Would Ira Robbins or Brian James—or any of those who lionize Bangs—ever agree to publish lines like that today? Not likely. And it has nothing to do with corporations or selling out. It has to do with the terrible hipster orthodoxy that governs pop music journalism. Despite the beauty and power of much popular music, the critics have become a cross between Holden Caulfield and a taxidermist. They talk about themselves, then set to work labeling the genres, subgenres and sub-subgenres the work involves—all without broaching any broader themes.

The above-mentioned piece by David Dunlap is a perfect example. He opens his review of the band Royksopp (for rock critics, the more obscure the band the better) by confessing that "the best down tempo electronica albums trigger a scene in my mind as if from some European drama: It's the gray morning after a night of revelry, and I'm being driven away in a cab from the apartment of a supermodel whom I'll never see again." Okay, fine, the reader thinks. He's going to use this bubble from his imagination to talk about this record, and tie the music to grand, timeless themes about romance, love, and loneliness.

But that never happens. Dunlap is too busy proving his bona fides as an omniscient scenester. He calls the singer "an uncanny mesh of Bjork and Cindy Lauper." One song is "R & B-esque." And be relieved (or warned): the album in question "won't be filed alongside George Jones's The Battle and Fleetwood Mac's Rumors in the Heartbreak Hall of Fame." Moreover, Royksopp has a "vinyl nerdiness" and suffers from "Bacharach worship." Writers (and showoffs) like David Dunlap, Jr., have embraced Bangs' occasionally beatnik, sarcastic, first-person style but none of the true iconoclasm or spiritual passion behind it—they've abandoned any claims to truth, or rather any truth other than the idea that they have huge CD collections and that corporate rock sucks.

To be fair to Brian James, he does acknowledge that Bangs' "increasing rejection of nihilism and solipsism, the most important development of his late period, is regrettably lost on his followers." And how. When I was rereading Bangs' review of Astral Weeks, I was floored by what he said about the song "Madame George." It's a song about a transvestite, but there is nothing vulgar about it—it is about the humanity of even the strangest of us. "The beauty, sensitivity, holiness of the song," Bangs writes, "is that there's nothing at all sensationalist, exploitative, or tawdry about it; in a way Van is right when he insists it's not about a drag queen … it's about a person, like all the best songs, all the greatest literature." Bangs then goes on a magnificent digression about the problem of seeing the miracle of each human life, and how doing so can almost be too much to bear:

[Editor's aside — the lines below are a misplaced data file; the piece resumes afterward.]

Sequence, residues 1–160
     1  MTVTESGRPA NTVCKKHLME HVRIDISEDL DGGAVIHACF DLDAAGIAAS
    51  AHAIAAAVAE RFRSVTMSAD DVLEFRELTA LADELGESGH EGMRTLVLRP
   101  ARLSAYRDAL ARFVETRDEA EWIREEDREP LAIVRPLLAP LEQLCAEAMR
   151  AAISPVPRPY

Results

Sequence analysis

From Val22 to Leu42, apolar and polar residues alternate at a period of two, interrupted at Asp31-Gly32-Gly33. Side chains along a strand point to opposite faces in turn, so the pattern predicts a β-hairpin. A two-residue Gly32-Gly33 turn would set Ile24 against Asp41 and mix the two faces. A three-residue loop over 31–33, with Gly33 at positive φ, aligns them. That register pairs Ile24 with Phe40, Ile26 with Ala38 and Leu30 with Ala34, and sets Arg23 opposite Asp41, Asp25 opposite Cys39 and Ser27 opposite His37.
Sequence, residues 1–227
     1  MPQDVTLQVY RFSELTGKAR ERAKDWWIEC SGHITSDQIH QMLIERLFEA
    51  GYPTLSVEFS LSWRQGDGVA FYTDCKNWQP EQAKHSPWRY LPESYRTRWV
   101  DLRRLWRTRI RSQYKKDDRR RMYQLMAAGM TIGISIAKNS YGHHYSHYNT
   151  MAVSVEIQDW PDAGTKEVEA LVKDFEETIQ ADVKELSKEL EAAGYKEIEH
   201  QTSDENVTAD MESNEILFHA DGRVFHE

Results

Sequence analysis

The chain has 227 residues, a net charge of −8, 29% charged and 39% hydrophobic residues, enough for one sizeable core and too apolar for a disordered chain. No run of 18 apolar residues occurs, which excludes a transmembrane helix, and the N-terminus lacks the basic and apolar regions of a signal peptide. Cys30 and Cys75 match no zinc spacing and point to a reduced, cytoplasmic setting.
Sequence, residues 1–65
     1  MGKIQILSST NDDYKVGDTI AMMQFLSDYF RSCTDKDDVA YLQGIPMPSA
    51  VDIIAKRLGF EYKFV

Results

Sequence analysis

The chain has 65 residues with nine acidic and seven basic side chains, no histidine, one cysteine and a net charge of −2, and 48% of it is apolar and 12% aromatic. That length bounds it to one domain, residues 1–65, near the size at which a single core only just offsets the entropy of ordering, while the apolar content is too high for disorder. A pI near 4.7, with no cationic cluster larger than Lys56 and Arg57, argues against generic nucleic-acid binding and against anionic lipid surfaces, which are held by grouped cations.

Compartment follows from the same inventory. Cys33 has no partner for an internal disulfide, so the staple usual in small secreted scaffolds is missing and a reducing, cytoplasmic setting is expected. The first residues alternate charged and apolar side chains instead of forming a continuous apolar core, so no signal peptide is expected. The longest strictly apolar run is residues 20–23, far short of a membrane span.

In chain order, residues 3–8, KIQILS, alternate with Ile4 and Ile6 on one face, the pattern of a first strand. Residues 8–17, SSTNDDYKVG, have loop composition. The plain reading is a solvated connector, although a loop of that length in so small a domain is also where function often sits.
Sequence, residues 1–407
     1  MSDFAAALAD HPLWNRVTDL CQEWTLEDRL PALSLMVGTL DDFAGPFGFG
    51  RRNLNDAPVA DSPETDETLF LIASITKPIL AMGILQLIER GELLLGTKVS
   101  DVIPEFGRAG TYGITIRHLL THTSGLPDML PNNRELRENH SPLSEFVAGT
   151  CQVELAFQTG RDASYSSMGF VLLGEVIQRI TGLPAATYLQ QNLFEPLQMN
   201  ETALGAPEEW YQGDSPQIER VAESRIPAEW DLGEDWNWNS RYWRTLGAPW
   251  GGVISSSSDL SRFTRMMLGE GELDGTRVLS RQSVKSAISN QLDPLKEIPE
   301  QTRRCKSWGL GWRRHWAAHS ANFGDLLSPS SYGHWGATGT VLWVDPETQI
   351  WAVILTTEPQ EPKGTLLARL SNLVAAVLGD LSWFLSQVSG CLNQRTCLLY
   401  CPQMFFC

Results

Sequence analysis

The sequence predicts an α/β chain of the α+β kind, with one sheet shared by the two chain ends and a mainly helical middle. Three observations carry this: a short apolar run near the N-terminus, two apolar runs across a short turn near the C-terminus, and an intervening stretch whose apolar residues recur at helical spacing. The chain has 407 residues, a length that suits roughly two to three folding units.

As I write this, I can read in the Village Voice the blurbs of people opening heterosexual S&M clubs in Manhattan, saying things like, "S&M is just another equally valid form of love. Why people can't accept that we'll never know." Makes you want to jump out of a fifth floor window rather than read about it, but it's hardly the end of the world; it's not nearly as bad as the hurts that go on everywhere everyday that are taken so casually by all of us as facts of life. Maybe it boils down to how much you actually want to subject yourself to. If you accept for even a moment the idea that each human life is as precious and delicate as a snowflake and then you look at a wino in a doorway, you've got to hurt until you feel like a sponge for all those other [expletive's] problems … so you stop feeling. But you know that then you begin to die.